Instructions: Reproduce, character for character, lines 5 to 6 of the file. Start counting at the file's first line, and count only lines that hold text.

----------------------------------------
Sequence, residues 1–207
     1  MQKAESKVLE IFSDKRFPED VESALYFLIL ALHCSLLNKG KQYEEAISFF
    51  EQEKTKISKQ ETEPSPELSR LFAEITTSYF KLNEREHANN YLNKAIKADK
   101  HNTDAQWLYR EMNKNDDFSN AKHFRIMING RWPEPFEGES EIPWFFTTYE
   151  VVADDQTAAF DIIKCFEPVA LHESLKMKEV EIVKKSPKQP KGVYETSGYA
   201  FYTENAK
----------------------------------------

   151  VVADDQTAAF DIIKCFEPVA LHESLKMKEV EIVKKSPKQP KGVYETSGYA
   201  FYTENAK